Women's erotica

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Women’s erotica is any erotic material that caters specifically to heterosexual women.[citation needed] When erotica is directed at lesbian women, it is referred to as lesbian erotica. Women's erotica is available from a variety of media including websites, books, short stories, films, photography, magazines and audio. The content may cover many aspects of sexuality, from relationships to fetishes; the main idea being to convey sex from a woman’s perspective, or to feature female sexual fantasies.[1]

Contents

Websites[edit]

Because of the privacy and anonymity offered by the internet, women have increasingly embraced erotic material online. In 2003, Nielsen Netratings noted that more than a quarter of all porn surfers were female.[2] The first women’s erotica subscription-based website, Purve, was launched in 1998. The site featured photos of nude men culled from gay sites, articles and sex advice. The first women’s adult directory was Ladylynx which featured links to galleries and site reviews. Kara's Links, a similar directory site, began operating soon after.

Fiction[edit]

Erotic literature for women has seen explosive growth over the last two years.[when?] Publishers report that women’s erotica novels consistently sell well.[3]

The first publishing imprint of erotic fiction for women was Black Lace, launched in Britain in 1992. It remained unique in publishing for over a decade and was only recently joined in the marketplace by big-name publishers Harlequin, Kensington and Avon who have released their own “black label” lines for female readers.

The first series of books to feature erotic short stories for women was Herotica, first published by Down There Press in 1996. Author and sex activist Susie Bright founded the series and edited the first three volumes. A similar series is Best Women’s Erotica from Cleis Press which has appeared annually since 2001.

Internet-based publisher Ellora's Cave produces what it calls "romantica" - romance novels with explicit sex scenes. The company originally produced e-books but has now moved into printed publishing.

Film[edit]

Women were not acknowledged as a potential audience by pornographic filmmakers until 1985 when former adult star Candida Royalle created her first adult movie for women, Femme. The movie featured explicit sex but focused on the woman’s pleasure and refused to include "pop shots" (external ejaculation scenes). Since then she has made 16 adult films for women. In April 2007 she launched a new line of films, Femme Chocolat, which depicts the sexual fantasies of black women.

For many years Candida Royalle was the sole producer of erotic films for women.

In 1997, Oscar-nominated director Lars von Trier started the company Puzzy Power, and together with Lene Børglum started producing pornographic films for women, starting with Constance (1998) and Pink Prison (1999). In July 2009, women's magazine Cosmopolitan (German edition) ranked Pink Prison as #1 in its Top Five of Die Besten Frauenpornos (best women’s porn), calling it the "Vorbild für die neue Porno-Generation" (role model for the new porn-generation).[4]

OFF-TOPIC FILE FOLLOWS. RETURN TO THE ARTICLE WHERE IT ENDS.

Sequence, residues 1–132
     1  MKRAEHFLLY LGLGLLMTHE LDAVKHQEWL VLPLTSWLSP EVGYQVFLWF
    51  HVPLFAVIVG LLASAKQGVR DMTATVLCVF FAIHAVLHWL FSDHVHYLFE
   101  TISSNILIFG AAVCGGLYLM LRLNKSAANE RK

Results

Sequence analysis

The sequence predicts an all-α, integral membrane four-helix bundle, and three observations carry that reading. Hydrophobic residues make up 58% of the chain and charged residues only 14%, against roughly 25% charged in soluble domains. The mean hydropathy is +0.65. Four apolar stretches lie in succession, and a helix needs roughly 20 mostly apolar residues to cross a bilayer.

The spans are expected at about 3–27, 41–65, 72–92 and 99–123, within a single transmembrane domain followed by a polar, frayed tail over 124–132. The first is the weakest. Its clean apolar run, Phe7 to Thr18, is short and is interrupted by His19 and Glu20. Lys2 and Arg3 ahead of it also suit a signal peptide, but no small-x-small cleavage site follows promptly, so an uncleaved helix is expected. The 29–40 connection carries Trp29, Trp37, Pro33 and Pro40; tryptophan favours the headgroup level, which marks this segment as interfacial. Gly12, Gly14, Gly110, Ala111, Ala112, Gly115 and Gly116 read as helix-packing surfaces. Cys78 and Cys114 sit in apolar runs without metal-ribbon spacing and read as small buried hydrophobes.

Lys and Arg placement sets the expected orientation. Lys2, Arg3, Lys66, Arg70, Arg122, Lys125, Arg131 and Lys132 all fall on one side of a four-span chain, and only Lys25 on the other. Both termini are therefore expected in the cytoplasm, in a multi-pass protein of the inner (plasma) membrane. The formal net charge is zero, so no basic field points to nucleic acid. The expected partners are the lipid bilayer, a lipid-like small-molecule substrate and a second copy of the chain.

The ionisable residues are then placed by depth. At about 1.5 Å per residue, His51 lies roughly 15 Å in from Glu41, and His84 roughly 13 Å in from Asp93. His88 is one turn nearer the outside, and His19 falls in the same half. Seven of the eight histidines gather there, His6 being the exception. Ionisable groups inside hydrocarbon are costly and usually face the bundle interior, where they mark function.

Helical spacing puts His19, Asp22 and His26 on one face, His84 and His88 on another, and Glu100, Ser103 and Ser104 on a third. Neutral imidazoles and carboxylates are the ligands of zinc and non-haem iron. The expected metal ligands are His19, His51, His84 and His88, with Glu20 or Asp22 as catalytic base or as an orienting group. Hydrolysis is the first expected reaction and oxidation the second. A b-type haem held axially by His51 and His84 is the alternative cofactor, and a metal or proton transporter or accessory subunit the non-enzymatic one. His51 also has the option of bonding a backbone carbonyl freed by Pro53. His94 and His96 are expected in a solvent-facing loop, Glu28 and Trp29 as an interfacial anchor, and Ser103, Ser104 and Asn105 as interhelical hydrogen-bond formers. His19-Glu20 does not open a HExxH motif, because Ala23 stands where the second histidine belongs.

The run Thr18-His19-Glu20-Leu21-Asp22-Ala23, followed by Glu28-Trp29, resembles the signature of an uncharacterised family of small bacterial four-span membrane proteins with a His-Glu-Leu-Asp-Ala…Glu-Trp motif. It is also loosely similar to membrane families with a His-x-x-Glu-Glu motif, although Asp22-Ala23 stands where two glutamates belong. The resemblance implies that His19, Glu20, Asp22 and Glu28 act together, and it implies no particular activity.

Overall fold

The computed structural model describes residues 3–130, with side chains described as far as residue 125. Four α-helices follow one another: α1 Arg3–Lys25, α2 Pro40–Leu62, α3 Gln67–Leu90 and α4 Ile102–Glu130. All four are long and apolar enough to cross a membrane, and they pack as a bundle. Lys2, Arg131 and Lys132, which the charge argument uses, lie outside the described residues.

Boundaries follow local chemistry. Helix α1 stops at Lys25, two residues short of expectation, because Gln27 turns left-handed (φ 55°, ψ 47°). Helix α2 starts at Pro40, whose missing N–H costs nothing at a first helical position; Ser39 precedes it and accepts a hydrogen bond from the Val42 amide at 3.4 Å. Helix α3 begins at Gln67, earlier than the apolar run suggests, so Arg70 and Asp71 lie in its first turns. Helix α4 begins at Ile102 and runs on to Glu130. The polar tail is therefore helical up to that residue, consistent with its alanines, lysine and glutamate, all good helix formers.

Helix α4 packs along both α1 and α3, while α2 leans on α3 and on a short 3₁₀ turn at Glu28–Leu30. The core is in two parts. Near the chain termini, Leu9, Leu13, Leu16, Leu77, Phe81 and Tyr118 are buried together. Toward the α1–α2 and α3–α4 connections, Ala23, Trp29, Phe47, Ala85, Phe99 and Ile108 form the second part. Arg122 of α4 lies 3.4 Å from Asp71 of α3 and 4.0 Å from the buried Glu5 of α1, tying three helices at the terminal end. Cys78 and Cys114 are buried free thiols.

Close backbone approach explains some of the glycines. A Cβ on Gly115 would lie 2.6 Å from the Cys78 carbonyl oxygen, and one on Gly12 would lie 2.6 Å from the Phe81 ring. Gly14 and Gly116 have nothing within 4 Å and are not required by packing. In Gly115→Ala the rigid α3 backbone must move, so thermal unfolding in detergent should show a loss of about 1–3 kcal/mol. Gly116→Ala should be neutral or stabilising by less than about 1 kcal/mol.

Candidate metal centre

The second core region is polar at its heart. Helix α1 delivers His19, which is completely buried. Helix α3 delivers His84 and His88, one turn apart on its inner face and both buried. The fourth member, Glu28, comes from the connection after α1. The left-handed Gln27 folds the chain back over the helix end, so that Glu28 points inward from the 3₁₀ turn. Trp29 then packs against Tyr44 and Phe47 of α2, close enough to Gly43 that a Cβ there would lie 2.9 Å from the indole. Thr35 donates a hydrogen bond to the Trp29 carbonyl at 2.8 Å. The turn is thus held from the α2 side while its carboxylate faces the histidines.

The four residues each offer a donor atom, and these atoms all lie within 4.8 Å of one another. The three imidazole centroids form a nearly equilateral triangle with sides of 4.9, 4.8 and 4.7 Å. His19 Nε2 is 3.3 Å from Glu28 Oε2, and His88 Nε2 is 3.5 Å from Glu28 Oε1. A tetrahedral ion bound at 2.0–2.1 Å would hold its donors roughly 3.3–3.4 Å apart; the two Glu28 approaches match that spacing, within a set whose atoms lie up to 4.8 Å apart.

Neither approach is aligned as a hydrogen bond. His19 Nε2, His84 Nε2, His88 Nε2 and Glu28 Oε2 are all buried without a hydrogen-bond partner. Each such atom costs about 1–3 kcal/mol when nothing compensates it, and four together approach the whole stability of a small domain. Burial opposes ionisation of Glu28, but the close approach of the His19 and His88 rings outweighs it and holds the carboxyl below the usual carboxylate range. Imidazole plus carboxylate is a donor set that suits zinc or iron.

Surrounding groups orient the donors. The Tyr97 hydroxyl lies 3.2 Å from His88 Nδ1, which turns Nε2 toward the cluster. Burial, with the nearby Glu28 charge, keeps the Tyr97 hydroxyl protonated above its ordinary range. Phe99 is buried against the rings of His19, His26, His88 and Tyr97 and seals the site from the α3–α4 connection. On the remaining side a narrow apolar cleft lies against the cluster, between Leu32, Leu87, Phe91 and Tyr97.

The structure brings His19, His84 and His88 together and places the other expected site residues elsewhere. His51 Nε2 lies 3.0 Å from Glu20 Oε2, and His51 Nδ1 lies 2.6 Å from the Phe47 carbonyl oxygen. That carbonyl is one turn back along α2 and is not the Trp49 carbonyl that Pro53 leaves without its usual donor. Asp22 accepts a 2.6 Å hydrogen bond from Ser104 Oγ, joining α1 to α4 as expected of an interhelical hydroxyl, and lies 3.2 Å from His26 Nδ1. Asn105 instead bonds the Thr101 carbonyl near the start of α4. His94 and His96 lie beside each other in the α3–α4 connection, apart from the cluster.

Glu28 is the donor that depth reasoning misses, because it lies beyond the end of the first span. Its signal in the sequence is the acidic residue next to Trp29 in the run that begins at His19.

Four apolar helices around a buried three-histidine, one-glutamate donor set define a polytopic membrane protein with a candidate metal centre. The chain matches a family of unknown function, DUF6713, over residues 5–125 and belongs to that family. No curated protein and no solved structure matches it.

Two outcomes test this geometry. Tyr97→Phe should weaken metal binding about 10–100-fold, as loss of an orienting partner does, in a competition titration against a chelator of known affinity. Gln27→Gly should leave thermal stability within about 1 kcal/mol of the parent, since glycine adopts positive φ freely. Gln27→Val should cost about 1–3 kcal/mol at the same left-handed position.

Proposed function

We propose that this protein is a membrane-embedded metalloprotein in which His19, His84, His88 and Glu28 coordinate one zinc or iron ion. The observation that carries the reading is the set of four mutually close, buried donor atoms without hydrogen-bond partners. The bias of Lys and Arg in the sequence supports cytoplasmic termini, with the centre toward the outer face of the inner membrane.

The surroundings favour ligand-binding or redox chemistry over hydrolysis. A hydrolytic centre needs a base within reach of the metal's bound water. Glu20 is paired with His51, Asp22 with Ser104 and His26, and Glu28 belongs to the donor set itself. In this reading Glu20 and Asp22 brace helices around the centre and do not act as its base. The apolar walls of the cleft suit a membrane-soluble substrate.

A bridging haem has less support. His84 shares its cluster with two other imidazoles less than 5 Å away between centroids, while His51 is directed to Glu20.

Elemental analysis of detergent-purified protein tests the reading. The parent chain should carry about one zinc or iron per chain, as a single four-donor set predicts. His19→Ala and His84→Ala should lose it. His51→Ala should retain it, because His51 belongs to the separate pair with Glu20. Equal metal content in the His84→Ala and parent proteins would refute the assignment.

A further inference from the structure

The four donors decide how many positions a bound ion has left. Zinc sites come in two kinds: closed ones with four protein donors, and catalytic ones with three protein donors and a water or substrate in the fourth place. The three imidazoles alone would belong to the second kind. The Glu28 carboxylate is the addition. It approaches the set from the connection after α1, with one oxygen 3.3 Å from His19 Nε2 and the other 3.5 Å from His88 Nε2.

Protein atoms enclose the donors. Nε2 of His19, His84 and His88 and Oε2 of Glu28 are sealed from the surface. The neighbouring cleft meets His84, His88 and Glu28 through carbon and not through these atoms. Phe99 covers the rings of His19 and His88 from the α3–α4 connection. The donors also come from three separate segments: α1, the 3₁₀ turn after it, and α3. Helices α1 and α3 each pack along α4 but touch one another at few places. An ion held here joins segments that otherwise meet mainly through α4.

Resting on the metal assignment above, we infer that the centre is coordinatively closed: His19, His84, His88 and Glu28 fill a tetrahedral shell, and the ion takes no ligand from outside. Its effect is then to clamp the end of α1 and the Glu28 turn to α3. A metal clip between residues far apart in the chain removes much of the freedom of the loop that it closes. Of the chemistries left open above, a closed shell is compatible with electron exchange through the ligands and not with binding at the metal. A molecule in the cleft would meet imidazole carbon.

In the 21st century a number of other women have stepped in and created their own vision of women’s erotica. These include:

In 2006 Playgirl in partnership with adult company Wicked produced and released their own line of adult films for women.

Television[edit]

In 2009 Dusk! TV starts in the Netherlands with a 24 hour linear television channel with only erotica and porn for women. All the above mention films are broadcast. More women are starting to produce erotic films. Mostly small, independent products and usually from a sense of dissatisfaction with mainstream porn. The content of the television channel is judged and chosen by female audience via Dusk! panel website. [5] [6][7][8]

Magazines[edit]

Cosmopolitan was the first magazine to include a nude male centrefoldBurt Reynolds bared all in April 1972. Australia’s Cleo magazine followed suit in November 1972 with a spread of actor Jack Thompson.

Playgirl magazine, an answer to Hugh Hefner’s Playboy, first appeared in 1973 and offered a full-nude centrefold with its second issue. The magazine regularly features nude male models, erotic fiction and sex advice. While ostensibly aimed at women, former editor Michelle Zipp has said that around 80% of the readership is gay men.[9]

Women’s erotica magazines currently in print include:

In print[edit]

See also[edit]

References[edit]

  1. ^ Ms Naughty, A History of Porn for Women 2006
  2. ^ Mireya Navarro, “Women tailor sex industry to their eyes,” New York Times, 20 February 2004
  3. ^ Bethanne Kelly Patrick, “It’s not just you, it’s really hot in here,” Publisher’s Weekly, 24 July 2006
  4. ^ Cosmopolitan, July 2009, page 30
  5. ^ Porn for women and Dusk! TV
  6. ^ The Guardian, Porn made for women, by women
  7. ^ Huffington Post Vive la Révolution! The Superheroines of Porn Domination
  8. ^ The Daily Beast Organic, Fair-Trade Porn: On the Hunt for Ethical Smut
  9. ^ Michael Rowe, "Great Scott: After years of struggling with his sexuality, Playgirl centerfold Scott Merritt is coming all the way out. To his surprise, so is Playgirl," The Advocate, Issue 895, August 19, 2003
  10. ^ Taylor, Jerome (May 28, 2009). "Can an ex-civil servant finally persuade women to buy erotica?". Independent.co.uk. Retrieved April 17, 2013. 
  11. ^ New York Press Hens in the Cockhouse
  12. ^ VICE
  13. ^ Time Out NY- New Sex Mags
  14. ^ The f word review of Gluck
  15. ^ Alley Cat website translated into English

External links[edit]